Inflation and recession fears

Whether it's gas, groceries, or rent, rising prices are currently top of mind for every American. In fact, inflation was the number one voter-cited issue in the Times/Siena College poll from early October (and yet another hot inflation report for September, which is likely to be followed by another interest rate increase from the Federal Reserve, doesn't help). "The share of likely voters who said economic concerns were the most important issues facing America has leaped since July, to 44 percent from 36 percent — far higher than any other issue, the Times estimates. "And voters most concerned with the economy favored Republicans overwhelmingly, by more than a two-to-one margin." That consensus aligns with the results of an NPR/PBS NewsHour/Marist Poll conducted between Aug. 29 and Sept. 1, which found Republicans to have "a 39 percent to 26 percent advantage over Democrats when people are asked who would be better at handling the economy," NPR reports. Not to mention that 57 percent of those surveyed, including 63 percent of independents, believe Biden's initiatives have ultimately weakened the economy.

Compounding all of this, of course, are renewed fears of a recession, which have crept back into the collective consciousness despite Biden having recently told CNN's Jake Tapper he doesn't "anticipate" a downturn happening. In working to "put a positive spin on the economy," Biden has tried to highlight how "inflation is a worldwide problem," per the Times.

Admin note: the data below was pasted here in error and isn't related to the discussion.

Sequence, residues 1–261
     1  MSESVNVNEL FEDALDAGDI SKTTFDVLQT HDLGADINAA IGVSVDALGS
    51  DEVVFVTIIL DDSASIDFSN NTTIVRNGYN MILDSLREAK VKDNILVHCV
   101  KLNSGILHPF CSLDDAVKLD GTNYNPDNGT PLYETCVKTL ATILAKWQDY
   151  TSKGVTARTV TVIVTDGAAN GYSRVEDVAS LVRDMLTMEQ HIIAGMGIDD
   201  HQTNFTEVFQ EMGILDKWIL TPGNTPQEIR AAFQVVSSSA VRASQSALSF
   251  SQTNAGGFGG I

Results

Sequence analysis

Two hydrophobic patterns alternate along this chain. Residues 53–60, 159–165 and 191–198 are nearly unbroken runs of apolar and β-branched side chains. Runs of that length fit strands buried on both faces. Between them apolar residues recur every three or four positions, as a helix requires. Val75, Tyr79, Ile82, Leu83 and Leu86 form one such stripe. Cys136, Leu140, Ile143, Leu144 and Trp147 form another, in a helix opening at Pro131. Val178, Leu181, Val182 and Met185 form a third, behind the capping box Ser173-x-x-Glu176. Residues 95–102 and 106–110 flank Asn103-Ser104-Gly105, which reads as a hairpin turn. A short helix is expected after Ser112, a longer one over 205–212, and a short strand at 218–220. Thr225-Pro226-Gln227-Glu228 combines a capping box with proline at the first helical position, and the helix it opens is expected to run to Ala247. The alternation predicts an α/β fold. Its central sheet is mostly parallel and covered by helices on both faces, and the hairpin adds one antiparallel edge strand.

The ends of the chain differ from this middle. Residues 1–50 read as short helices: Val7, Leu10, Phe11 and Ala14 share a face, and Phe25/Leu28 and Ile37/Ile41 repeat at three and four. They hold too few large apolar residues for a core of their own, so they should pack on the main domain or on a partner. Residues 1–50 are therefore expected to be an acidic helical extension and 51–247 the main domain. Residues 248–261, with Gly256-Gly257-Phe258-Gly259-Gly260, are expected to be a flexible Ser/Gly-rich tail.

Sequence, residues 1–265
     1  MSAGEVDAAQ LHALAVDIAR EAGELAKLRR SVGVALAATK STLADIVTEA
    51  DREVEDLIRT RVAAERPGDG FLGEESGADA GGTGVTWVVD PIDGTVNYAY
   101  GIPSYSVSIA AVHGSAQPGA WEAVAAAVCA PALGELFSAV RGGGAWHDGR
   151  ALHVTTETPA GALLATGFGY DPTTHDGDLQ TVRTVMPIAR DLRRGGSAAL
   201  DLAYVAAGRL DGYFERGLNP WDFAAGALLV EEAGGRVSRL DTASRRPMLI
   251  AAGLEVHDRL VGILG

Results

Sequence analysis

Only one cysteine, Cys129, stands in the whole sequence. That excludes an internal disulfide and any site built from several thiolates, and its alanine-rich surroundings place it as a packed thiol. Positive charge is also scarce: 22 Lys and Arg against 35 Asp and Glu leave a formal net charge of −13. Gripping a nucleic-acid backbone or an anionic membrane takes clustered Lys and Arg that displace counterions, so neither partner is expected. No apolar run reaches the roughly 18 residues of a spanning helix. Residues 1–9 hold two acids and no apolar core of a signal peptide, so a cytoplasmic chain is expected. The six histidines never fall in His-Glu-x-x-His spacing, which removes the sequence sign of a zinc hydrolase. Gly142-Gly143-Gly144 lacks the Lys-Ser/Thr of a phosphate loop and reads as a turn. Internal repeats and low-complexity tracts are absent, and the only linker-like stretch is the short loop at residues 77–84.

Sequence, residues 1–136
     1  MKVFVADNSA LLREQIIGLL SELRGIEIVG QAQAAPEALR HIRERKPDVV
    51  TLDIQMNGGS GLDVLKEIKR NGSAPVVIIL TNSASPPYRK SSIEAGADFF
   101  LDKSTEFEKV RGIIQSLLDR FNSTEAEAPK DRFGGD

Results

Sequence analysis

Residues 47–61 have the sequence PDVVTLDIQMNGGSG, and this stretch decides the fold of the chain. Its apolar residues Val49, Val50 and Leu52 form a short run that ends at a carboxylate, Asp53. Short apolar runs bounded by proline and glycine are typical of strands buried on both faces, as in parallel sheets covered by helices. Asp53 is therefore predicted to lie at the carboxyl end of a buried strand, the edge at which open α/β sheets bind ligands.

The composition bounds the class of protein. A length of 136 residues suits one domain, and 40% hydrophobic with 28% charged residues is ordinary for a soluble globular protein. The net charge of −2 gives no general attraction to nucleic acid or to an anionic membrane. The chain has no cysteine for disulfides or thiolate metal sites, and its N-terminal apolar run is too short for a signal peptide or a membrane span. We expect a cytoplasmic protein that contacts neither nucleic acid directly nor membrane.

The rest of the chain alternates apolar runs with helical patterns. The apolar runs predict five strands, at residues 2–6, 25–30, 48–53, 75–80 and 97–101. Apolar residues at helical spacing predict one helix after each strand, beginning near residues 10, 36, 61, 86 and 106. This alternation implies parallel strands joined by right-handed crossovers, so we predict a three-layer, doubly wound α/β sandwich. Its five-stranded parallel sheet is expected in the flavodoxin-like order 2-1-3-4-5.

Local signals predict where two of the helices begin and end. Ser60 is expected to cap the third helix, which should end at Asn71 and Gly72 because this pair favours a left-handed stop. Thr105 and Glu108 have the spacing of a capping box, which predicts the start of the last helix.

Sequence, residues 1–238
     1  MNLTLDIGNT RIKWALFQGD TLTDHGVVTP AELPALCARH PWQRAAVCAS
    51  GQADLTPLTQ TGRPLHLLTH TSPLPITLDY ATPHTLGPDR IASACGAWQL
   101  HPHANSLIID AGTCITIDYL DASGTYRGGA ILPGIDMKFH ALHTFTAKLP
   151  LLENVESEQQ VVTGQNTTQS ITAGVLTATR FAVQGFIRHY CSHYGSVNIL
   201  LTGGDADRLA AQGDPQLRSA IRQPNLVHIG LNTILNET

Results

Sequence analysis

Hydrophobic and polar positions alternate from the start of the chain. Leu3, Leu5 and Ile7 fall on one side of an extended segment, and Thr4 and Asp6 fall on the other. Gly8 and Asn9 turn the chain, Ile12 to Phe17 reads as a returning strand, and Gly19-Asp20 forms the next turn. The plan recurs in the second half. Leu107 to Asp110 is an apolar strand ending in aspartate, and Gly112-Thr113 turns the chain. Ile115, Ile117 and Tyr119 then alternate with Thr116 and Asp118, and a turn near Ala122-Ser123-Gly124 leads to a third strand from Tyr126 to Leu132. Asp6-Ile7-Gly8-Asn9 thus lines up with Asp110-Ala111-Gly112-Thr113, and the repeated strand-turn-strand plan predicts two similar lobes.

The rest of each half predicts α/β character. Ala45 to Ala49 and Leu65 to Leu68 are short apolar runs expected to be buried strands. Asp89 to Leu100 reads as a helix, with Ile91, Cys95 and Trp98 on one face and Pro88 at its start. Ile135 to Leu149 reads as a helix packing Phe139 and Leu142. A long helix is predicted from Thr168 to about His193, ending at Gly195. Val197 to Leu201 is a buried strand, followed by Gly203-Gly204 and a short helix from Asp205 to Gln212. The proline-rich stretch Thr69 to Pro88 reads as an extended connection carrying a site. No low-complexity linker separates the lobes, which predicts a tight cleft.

Reproductive rights have found their way onto the ballot this election season after a June Supreme Court ruling overturned federal abortion protections as established under 1973's Roe v. Wade. Democrats have remained hopeful that the decision, which they've widely decried, will galvanize voters at the ballot box, and encourage them to push back on what the party has described as GOP-led attacks on the rights of birthing individuals. Republicans, meanwhile, while initially loud in their support of the ruling (which returns the issue of abortion to the states), have begun somewhat backing off the related rhetoric, worried they might alienate an average conservative or independent voter with a more extreme-sounding talking point.